now i understand better, thank you!
From Allan Speers
Posted on January 15, 2008 at 08:38 PM
Oliver,

I was making a joke. ( ! )

Although, as an audio professional, I can tell you that actual descriptive terms fall very short of accuracy. I could, for instance, give completely different interpretations of 80% of Michael's list, even though I applaud his efforts for its scope. Recording engineers & producers often use terms like "brown" and "zippy" or "alive" instead of talking frequencies, because a frequency boost of XXX db @ XXX hertz will have completely different effects on different instruments, and in different musical contexts.

As for violins, one cannot even use a term like "balanced" with accuracy, since one could then say "balanced in relation to WHAT? Balanced for Bach, Paganini, or chamber playing?

Dark? Never was there a more nebulous term. Same goes for "bright" - Is that too much HF, or not enough LF? The great violins don't have much above 6K or so, so how can any good violin be described as bright?

Funny thing: I've spent an incredible amount of time over the last two years recording all manner of violins, carefully analizing their tone, response, etc, trying to determin not what is "best," but at least what I personally like. I have a very good idea at this point, I can hear that "perfect" sound in my head, but I absolutely cannot describe it to you in a few simple words. There just are no words in the English language that apply. Perhaps if I wrote several paragraphs, I might be able to convey the basic principles, but I think you'd literally have to be a recording engineer to fully understand. It's like how Eskimos have around 27 different names for snow...
-------------------------

Some terms I DO like:

Responsive - Large amount of volume & timbral range on tap.

Throaty - that classic GDG sound, as opposed to the typically smoother Strad sound.

Smooth - See above.

Thin / fat - kind of obvious.

Woody / glassy - polar oppositse, but hard to explain.

Tubby - I like Michael's definition

After that, it's the wild wild west. I still consider my favorite violin to be somewhat bodacious. Lots of fun to play, but can often be embarrassing in front of a crowd.

-or maybe that's just my playing skills. (g)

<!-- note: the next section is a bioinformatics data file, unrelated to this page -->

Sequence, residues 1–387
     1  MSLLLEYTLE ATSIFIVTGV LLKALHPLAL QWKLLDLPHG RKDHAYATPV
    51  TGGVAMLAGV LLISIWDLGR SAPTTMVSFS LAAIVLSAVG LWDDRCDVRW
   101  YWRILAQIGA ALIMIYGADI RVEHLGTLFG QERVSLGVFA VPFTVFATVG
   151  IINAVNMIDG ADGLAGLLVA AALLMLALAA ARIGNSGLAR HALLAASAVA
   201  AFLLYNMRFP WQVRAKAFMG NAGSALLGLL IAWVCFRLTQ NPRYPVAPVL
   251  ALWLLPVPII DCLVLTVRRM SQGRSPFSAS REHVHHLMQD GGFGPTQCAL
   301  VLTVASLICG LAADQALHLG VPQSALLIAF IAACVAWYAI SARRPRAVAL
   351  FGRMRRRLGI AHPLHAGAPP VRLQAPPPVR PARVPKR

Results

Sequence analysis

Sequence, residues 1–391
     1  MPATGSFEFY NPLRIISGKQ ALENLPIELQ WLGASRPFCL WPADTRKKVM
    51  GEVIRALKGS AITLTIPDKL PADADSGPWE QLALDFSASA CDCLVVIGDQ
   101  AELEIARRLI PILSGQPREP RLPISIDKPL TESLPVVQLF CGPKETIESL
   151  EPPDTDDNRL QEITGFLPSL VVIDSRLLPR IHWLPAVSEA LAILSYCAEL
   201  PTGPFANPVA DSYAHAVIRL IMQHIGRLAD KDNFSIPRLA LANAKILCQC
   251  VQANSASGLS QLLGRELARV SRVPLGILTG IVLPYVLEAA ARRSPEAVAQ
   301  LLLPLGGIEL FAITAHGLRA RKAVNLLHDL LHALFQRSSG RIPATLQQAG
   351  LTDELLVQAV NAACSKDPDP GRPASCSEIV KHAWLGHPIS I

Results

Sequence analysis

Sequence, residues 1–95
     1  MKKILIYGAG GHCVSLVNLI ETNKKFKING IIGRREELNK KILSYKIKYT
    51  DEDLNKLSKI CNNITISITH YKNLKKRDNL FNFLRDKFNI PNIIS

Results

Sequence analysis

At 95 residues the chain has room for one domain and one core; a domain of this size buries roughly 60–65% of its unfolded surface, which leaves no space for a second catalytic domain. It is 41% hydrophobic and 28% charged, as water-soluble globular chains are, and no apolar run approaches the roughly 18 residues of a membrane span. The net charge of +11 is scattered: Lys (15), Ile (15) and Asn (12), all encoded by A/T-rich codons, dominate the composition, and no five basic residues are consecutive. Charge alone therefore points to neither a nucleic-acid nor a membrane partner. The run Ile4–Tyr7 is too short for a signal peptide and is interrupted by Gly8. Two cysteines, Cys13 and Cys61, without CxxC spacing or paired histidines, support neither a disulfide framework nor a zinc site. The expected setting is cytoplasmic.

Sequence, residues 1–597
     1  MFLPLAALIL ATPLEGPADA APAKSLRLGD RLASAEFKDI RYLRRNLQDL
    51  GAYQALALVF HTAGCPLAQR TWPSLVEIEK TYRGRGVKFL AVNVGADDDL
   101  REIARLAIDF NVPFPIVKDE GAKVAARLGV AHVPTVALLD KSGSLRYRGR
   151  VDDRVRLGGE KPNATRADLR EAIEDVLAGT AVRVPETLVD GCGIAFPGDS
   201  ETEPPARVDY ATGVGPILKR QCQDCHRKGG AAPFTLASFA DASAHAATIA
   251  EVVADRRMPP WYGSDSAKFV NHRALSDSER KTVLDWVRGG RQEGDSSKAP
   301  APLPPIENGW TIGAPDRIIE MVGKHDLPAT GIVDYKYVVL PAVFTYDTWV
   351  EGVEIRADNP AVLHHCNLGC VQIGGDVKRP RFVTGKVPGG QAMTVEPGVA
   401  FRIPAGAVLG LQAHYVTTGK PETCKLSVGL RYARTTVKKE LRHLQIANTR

From David Burgess
Posted on January 16, 2008 at 12:35 AM
I like it, Allan.
"Mr. Luthier, could you adjust my violin to sound "sensible", but with a touch of "comedy" for balance?" ;)
From Bilbo Prattle
Posted on January 16, 2008 at 01:21 AM
This is an utterly ridiculous thread.
From Allan Speers
Posted on January 16, 2008 at 04:02 AM
Works for me. (g)
From James Dew
Posted on January 16, 2008 at 05:29 AM
Mr. Speers,

Thank you very much. I am now convinced that I can not explain to a luthier the sound I want, i.e. that "perfect" sound that exists in my head.
Thus I'm left to await completion of his work and then decide if it satisfactory. Someone else wrote (as I recall) that the perfect violin does not exist, or if it does, it won't be found. Thanks again.

From David Burgess
Posted on January 16, 2008 at 11:04 AM
James, it sounds like you're still searching for answers, so I'll take a stab at it.

Listen to some recorded violin music and play with the treble and bass controls. For most people, a "dark" sound is what you might get from turning up the bass a bit and turning down the treble. A "bright" sound might be the opposite.
If you have tone controls that let you adjust specific bands, a "mellow" sound might be like turning down the mid range.
Unfortunately there isn't wide agreement on what these terms mean, so the above is a very crude generalization. "Power" could refer to the sound under the ear, the result of an experiment in an auditorium, or just a tactile feel that the player gets.

Allan has already described some of the challenges. Is "bright" too much high frequency, or not enough low frequency? I especially like, "It's like how Eskimos have around 27 different names for snow..."